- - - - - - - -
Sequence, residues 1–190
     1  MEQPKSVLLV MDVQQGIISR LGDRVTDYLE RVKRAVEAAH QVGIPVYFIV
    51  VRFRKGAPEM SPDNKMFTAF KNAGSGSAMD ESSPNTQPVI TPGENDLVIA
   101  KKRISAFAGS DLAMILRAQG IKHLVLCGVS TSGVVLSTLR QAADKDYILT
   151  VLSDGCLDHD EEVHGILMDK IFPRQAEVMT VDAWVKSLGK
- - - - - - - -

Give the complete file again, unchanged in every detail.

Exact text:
Sequence, residues 1–190
     1  MEQPKSVLLV MDVQQGIISR LGDRVTDYLE RVKRAVEAAH QVGIPVYFIV
    51  VRFRKGAPEM SPDNKMFTAF KNAGSGSAMD ESSPNTQPVI TPGENDLVIA
   101  KKRISAFAGS DLAMILRAQG IKHLVLCGVS TSGVVLSTLR QAADKDYILT
   151  VLSDGCLDHD EEVHGILMDK IFPRQAEVMT VDAWVKSLGK